As Nathan Curtis once said, the design system isn't a project, it's a product serving other products. This means on a practical level that in order to function the system requires specific and focussed effort in several directions.

My role was also to share this knowledge with the team and help them answer strategic relevant questions that would be key for the future functioning of the design system:

  • Who’s making the decisions? Modern design systems have a product manager who’s driving decisions, assertively aligning with partners, and serving as the go-to person
  • Who’s doing the work? Sustaining a design system can involve a significant amount of design, development, writing, and other work done by people committed (at least partially, > 4hr/week) to the endeavor.
  • Who’s paying for it? It’s near impossible for a system to survive long term without a sponsor deliberately providing budget in the form of properly allocated time.
  • What are each of you working on right now and where do you record and prioritize things you might work on later? Time for task management, which many high-performing teams increasingly formalize into a backlog over sprints using tools like Github and Jira.
  • What can your customers (products using the system) expect over the next 6–12 months? I wanted to underline the power of an effective, concisely communicated system roadmap. It generates awareness, discussion, faith in the design team intentions that the it will be able to provide what the product teams need.


Together with the developers we defined the breakpoints that were relevant for the usability and in terms of revenues. We then defined the grid specs for each breakpoint.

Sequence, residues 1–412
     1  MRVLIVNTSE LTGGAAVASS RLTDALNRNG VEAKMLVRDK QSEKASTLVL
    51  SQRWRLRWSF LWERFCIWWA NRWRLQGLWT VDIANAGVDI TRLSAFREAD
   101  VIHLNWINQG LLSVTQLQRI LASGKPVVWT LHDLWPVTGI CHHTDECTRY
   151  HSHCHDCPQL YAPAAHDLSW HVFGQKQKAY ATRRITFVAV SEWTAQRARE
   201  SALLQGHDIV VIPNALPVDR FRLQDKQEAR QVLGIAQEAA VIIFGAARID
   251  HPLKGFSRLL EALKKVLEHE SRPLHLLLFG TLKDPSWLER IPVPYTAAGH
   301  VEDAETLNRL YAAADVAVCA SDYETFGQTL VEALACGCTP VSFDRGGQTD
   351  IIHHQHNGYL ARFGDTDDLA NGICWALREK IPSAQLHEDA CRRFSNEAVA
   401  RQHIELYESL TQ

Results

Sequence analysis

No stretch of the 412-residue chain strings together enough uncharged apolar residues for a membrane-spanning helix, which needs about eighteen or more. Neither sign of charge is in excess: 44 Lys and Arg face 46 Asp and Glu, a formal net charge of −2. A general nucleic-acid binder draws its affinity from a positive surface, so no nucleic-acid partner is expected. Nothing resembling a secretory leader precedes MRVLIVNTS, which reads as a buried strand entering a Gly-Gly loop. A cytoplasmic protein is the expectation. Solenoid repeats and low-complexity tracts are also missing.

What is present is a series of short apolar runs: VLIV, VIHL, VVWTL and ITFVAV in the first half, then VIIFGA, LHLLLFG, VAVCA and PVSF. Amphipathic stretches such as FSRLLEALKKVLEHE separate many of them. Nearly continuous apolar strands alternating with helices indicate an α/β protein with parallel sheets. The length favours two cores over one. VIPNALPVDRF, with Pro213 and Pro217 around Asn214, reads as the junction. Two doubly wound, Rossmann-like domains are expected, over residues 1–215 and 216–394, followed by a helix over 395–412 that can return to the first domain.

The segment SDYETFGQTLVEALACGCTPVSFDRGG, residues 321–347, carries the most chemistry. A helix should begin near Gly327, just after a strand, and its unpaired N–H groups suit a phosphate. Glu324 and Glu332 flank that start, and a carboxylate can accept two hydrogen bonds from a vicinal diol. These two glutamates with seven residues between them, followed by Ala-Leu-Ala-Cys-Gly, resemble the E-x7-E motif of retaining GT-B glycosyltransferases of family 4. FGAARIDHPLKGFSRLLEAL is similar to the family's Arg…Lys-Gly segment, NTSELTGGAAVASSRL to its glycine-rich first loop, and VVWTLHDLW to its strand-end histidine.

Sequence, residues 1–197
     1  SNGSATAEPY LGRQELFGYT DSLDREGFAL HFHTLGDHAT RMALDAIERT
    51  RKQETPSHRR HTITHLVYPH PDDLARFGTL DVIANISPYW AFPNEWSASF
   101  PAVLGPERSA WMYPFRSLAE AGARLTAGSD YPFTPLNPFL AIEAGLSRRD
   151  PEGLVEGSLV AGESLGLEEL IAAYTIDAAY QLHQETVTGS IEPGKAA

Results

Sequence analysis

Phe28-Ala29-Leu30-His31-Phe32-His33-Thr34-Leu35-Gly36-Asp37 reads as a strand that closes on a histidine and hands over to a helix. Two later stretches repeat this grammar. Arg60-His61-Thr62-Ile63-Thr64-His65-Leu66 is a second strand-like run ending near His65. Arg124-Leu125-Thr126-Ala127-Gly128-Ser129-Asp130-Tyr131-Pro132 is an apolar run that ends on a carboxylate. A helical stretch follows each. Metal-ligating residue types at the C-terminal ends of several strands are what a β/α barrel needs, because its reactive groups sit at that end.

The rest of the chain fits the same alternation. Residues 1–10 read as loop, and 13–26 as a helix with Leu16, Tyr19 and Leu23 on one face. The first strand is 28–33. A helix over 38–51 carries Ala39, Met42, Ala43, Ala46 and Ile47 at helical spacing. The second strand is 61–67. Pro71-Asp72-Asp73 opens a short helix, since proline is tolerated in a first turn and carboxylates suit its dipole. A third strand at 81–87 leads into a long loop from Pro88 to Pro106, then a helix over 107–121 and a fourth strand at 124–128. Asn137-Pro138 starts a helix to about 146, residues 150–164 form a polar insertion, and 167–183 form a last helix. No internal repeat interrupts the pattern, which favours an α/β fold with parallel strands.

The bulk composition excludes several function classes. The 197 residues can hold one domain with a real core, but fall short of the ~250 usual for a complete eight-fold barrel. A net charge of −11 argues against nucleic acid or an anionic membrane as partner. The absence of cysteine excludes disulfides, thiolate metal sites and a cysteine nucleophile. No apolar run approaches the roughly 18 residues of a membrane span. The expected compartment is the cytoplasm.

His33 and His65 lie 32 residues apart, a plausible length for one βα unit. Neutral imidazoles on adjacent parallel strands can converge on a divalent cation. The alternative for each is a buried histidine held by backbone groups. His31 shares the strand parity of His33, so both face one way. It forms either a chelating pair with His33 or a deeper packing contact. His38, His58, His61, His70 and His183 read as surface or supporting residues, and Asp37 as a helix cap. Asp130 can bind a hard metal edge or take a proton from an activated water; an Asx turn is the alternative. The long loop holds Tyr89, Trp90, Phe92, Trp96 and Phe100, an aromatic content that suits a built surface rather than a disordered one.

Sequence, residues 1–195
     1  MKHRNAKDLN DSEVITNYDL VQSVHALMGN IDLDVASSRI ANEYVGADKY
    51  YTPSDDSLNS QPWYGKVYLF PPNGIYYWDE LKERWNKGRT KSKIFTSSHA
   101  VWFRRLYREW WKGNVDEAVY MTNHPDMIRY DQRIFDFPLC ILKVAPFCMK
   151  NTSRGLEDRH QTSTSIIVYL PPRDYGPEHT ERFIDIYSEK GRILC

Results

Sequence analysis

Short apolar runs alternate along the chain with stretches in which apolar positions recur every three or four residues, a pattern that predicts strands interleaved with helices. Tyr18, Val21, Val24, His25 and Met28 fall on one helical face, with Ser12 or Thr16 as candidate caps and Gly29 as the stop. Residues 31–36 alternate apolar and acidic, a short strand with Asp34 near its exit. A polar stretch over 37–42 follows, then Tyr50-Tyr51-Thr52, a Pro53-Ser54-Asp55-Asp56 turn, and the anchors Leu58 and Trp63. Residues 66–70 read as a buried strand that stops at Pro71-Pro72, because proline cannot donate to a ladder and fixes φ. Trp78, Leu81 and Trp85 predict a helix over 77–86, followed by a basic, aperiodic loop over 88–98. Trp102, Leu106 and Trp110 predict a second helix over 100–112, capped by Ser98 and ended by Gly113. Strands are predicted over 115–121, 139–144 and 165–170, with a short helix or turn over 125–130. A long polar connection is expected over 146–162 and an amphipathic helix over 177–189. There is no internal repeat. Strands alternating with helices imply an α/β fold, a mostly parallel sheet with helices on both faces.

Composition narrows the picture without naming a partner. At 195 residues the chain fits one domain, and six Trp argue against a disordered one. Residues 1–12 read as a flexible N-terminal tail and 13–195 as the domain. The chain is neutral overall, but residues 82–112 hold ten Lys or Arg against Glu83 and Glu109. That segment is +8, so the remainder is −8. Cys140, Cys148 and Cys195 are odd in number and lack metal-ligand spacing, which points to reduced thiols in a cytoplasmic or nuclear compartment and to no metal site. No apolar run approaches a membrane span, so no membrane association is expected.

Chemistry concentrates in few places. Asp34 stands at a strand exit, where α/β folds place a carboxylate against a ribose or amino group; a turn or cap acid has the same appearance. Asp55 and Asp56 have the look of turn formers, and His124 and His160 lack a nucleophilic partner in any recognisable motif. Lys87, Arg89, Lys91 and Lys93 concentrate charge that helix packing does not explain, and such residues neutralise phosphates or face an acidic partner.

For each component we went into a deeper definition for their interaction patterns and UI.

We tested several solutions for each component in order to find the most fitting one. Here are the main aspects that guided us in the design process:

  • The users’ needs in the different use cases.
  • The business requirements.
  • The features usability in relation with the  content typology and amount.
  • The overall consistency in the design system.

The online implementation

The new website was initially tested live on the Austrian market, starting from May '19, on a small percentage of users. According to the positive results the design was iterated and went gradually live, first in Germany and then on all markets.

The new responsive design


The mobile design


HP: new navigation and main teasers


The product discovery


The new teasers system


 Learnings from the project

In companies where the UX/UI maturity is not very developed the power of design on the client’s experience and KIP’s performance is often unknown or underrated.

There is a large confusion between what a design library and a system is, and often the basic principles of systemic User Centered Design are ignored in favour of the maintenance of the design status quo. The strategic business value of a well structured and managed design system is also largerly unknown, as well as the effort it requires to function properly.

Design sprints can be a powerful tool to let the stakeholders see in a very short time potential impact that User Centered Design can generate on the experience, on the quality of the service, and therefore on the revenues.

Marina Caramagno   |   +49 15229235576